Friday, May 14, 2010

Acedia and me

I was complaining to my husband that no one was writing about the experiences I wished to read about. I systematically picked up and put right back down books about ill-fated lovers, civil strife, war torn lands, historical romance and the immigrant experience.  I yearned to read about my particular quandaries...a life without dramatic events, lived in the day after day every day, confused by the futility of the never ending -  making my bed, picking up the mail, cooking - all things that had to be done again the next day.

My husband didn't have anything to suggest though he did promise to keep an eye out. Two days later, while I was doing the same while picking up and putting down titles at an SFO bookstore in the international terminal, I stumbled upon a new book, Acedia and me by an American author, Kathleen Norris (sometimes you have to go far to find what's right next to you.)

I had read and enjoyed Norris before.  Her deeply meditative approach in The Cloister Walk had done much to introduce to my essentially Protestant mind a more catholic appreciation of Catholic ritual. Her extended exploration in Acedia and me of acedia, the 8th of the 7 deadlies, gave me a better understanding of the peculiar perils of the everyday day after day day to day and weapons to fight back.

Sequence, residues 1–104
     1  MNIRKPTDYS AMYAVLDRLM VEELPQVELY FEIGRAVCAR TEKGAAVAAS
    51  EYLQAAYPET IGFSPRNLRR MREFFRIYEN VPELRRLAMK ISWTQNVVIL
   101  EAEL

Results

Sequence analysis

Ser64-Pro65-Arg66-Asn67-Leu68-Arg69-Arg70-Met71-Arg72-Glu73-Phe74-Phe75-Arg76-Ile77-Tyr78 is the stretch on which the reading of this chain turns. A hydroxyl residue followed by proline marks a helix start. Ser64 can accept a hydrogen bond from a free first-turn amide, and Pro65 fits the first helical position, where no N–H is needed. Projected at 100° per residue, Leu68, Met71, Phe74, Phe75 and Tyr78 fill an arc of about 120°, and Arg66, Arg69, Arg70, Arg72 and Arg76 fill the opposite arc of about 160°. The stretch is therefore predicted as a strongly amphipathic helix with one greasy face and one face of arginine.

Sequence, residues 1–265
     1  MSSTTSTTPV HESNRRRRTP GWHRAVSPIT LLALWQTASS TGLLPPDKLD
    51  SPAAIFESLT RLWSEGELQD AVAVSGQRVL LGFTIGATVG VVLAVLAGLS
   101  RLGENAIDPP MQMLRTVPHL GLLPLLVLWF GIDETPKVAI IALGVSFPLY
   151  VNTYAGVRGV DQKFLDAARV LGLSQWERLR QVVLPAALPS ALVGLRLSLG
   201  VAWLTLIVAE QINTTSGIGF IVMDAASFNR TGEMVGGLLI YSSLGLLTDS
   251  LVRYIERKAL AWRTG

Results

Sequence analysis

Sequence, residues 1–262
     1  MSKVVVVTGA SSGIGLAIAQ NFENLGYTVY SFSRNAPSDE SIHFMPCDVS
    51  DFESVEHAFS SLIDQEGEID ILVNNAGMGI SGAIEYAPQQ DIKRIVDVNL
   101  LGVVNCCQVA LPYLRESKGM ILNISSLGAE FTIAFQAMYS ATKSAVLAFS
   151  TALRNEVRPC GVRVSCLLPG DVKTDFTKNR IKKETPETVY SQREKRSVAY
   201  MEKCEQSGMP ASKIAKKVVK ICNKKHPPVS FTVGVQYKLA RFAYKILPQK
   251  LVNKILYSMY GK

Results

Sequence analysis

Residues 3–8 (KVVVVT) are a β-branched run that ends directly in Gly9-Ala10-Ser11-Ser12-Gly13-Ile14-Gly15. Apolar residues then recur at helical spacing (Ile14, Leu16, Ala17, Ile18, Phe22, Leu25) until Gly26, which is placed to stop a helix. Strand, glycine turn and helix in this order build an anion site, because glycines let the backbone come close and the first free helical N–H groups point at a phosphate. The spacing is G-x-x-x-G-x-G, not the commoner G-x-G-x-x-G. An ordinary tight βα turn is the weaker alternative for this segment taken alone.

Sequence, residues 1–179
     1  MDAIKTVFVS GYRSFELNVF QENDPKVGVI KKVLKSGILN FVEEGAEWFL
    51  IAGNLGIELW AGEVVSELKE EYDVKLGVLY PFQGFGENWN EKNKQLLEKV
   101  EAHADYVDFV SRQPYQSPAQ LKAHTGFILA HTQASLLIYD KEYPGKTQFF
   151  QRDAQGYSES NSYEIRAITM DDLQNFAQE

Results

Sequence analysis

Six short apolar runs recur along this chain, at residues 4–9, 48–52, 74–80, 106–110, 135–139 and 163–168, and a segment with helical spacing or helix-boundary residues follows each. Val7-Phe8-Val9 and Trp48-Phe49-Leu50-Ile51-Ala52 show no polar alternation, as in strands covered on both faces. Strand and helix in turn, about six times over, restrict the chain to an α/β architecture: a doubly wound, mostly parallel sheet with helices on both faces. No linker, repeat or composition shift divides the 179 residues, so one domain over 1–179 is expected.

Acedia often occurs where "The rewards are slow to appear if they come at all", where we are "watering dead wood with tears and very little hope" that the wood becomes a tree. Acedia is a "weariness of soul". All human efforts are futile because we all die and this fact can be quite wearying. But Norris gives diamond faceted treatment to the weapons to fight back.
  • It's my soul that needs to change, not my life
  • My participation is key - become an agent/actor in my own life and live fully
  • Discern what sadness I have caused within myself and what is out of my control
  • Staunch persistence, or as a friend of mine likes to say, "persist until...."
  • Begin again, anew like a child, every day
  • Turn drudgery into play
  • Shortcuts (like this list of weapons rather than the experience of reading Norris' book) will short change you
More importantly,

"how I perform those often dispiriting duties, from the changes of a baby diaper, to the bathing of an aged parent, reveals what kind of God we worship....That faith and love operate best through humble means of boring everyday occupations is a thoroughly biblical perspective, for its stories repeatedly remind us God's attention is fixed on what we regard as unimportant and unworthy."

This exalting of the low and lowering of the exalted is the same chiastic or X shaped structure in Philippians 2. Christ, the exalted one, humbled himself even to becoming a man. He died for our sins and after his humbled duties he was exalted to the right hand of God. And we're made a little lower than angels, and humanly living the day after day, and later will take our place in heaven.

Norris administered the smelling salts of possibility and hope rises again within.

No comments: